I’ve lived in cities all my life (minus my time at Quinnipiac) however the layout of Brussels is completely different from anything that I’ve ever known. In order to understand how this strange city operates it is first necessary to know that Brussels is composed of 19 communes; these are like neighborhoods in the United States. For the most part, each commune is self-contained and autonomous. If I didn’t go to school in another commune there would be little reason for me to venture outside of mine. In this regard it’s a positive thing that I am located slightly outside of my university. Compared to some other students in my program I have covered considerably more of Brussels and know my way around pretty well. Technically, everything that I need is within a 15 walk of my house: there are banks, Laundromats, grocery stores, shopping, restaurants, and anything else you could possibly need. I have to force myself to go to a pharmacy, for example, that’s a little out of the way in order to explore other areas.
I try to walk everywhere once because after I’ve covered a route by foot I internalize it. I had explored the Watermael- Boitsfort commune, as well as the immediate vicinity of my university in Ixelles so the route I chose for this walk was the area immediately surrounding my internship in Ixelles. I turned on my music and headed North onto Boulevard de Waterloo from the circle at Place Louise. The first song that came on was 2 Chainz’s “I’m different,” but the more I looked around I realized that I wasn’t that different. European’s have this great aloofness to them when they are out in public. They pay you no mind and it’s not in a negative fashion, it’s refreshing really. As long as you aren’t bothering them, they won’t bother you.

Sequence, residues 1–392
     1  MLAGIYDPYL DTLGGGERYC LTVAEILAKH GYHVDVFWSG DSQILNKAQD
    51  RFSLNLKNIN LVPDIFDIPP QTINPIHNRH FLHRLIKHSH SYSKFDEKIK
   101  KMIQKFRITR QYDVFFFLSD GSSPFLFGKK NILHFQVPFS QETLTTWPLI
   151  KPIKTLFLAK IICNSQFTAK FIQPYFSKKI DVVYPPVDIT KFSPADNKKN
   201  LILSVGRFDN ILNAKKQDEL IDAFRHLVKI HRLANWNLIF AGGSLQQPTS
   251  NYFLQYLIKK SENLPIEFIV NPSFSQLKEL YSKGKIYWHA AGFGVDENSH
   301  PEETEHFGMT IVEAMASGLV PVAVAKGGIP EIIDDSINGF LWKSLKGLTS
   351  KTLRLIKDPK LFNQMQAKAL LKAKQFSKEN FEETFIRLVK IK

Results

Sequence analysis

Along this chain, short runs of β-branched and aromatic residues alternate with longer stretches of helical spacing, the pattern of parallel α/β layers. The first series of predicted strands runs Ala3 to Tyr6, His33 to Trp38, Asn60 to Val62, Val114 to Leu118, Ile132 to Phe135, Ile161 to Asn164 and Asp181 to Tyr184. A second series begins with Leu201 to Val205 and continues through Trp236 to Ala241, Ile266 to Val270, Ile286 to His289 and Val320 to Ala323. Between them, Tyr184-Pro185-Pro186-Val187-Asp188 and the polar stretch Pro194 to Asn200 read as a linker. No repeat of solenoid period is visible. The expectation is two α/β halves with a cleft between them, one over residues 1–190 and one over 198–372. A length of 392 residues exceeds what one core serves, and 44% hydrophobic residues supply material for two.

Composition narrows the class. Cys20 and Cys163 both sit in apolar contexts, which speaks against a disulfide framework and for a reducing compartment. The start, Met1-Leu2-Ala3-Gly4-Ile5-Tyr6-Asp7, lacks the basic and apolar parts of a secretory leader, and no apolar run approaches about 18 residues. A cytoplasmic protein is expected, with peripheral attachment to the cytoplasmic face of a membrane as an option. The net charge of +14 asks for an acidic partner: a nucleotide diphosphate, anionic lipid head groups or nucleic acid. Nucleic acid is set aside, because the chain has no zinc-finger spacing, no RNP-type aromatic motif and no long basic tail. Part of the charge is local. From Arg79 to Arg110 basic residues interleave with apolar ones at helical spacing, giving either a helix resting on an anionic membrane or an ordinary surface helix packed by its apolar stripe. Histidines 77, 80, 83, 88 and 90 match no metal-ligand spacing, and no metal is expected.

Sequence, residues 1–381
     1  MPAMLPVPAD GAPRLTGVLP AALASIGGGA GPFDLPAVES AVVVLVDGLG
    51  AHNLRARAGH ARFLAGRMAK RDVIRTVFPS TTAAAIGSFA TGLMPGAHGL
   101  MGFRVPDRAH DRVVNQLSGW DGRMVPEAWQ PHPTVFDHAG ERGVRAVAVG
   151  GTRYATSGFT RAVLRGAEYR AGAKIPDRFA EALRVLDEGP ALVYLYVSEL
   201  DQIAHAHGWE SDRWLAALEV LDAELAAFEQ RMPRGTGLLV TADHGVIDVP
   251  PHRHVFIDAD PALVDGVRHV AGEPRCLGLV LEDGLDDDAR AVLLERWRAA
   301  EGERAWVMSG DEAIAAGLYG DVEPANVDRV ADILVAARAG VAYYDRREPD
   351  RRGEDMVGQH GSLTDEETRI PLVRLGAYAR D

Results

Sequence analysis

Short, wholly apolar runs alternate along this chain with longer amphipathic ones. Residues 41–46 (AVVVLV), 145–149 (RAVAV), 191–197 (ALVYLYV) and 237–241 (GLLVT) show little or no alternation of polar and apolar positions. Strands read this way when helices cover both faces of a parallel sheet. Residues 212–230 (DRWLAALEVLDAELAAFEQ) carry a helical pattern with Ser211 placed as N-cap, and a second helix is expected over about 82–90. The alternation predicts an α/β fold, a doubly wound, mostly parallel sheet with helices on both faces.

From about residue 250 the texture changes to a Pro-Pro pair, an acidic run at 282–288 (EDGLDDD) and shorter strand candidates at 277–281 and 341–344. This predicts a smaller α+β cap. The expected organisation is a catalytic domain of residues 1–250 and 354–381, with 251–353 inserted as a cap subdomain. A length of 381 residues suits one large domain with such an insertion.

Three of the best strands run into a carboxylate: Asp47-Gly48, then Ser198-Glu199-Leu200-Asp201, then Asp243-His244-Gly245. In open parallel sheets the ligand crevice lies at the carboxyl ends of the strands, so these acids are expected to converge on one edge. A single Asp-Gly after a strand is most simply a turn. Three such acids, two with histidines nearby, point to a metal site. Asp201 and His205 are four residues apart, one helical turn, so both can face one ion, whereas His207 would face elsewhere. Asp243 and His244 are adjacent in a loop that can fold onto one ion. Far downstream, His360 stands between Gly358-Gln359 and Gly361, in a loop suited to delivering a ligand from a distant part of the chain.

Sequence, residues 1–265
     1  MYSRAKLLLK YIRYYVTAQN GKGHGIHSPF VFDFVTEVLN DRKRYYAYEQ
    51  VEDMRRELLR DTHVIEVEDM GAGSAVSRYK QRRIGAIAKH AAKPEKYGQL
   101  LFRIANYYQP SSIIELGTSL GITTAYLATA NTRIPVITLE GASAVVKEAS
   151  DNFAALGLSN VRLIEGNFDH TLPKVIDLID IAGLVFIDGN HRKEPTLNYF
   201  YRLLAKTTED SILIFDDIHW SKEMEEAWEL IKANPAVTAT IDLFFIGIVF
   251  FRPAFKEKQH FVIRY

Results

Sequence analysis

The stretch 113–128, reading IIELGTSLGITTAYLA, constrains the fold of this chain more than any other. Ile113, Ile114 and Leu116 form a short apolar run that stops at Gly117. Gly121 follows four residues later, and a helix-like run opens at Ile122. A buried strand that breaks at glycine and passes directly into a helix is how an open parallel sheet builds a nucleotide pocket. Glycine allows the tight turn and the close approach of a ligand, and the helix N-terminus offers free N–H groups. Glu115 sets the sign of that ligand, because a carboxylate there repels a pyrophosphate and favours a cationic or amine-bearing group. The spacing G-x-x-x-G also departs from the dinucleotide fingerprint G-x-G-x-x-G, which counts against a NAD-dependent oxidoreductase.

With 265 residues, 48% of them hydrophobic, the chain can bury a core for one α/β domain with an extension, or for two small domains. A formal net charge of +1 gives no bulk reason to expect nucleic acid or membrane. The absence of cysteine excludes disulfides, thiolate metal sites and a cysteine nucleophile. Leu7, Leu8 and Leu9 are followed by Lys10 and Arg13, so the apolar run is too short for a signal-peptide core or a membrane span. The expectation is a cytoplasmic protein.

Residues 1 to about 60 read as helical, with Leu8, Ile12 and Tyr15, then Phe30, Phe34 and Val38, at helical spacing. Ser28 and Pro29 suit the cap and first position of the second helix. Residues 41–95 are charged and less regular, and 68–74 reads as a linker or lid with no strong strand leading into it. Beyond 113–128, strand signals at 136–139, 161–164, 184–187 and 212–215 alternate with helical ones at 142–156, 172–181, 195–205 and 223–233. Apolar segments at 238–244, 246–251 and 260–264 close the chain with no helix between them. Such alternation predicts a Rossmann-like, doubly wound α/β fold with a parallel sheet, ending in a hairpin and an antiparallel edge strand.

I noticed that I dressed very similarly to the people I observed walking around me. I’m no stranger to Europe so maybe one could argue that I picked up this style a long time ago. But the more time I spend in Europe, the more I feel like this is the place where I really belong. Their lifestyle resonates with me; I’m ok with having just enough to get by and I’ve found this is a common value in both Belgium and Germany. Many Europeans believe American’s to be greedy and power hungry, obviously not all of us are like that but I think there is a point to be made that life in America is overtly complicated with material posessions. Somehow, someway the Europeans have figured out how to simplify their lifestyle and be content.
Taking this walk also helped me to realize all the different feels that Brussels has. Louise is nice and upscale, while my commune is residential and quiet, additionally the atmosphere around my university is slightly depressing. Pulling all of these moods together has helped me to fully appreciate the city I now call home.
Reading “Bottom’s Up in Belgium” by Alec Le Sueur prior to my journey was very helpful. Brussels is synonymous with the European Union and the travelogue does a great job describing how different groups in Belgium feel about its presence. The European Union is incredibly complicated and I was relieved to know that even Europeans struggle to fully understand it. This book also had sections on Mannekin- Pis, one of Brussels most famous landmarks and the Atomium, an enlarged model of a carbon crystal. I’ve already visited these landmarks multiple times and surprised my program director with weird random facts.
Le Seuer himself is not originally Belgian and went through the same liminal phase that I am as a study abroad student. In the introduction he mentions how challenging it is to be surrounded by people who don’t speak his first language and the sometimes-unsavory reputation that Belgium has within Europe. This book was a very easy read but it packed in a great deal about the culture and history of Belgium. I would highly recommend reading this book if ever you find yourself about to move to Belgium!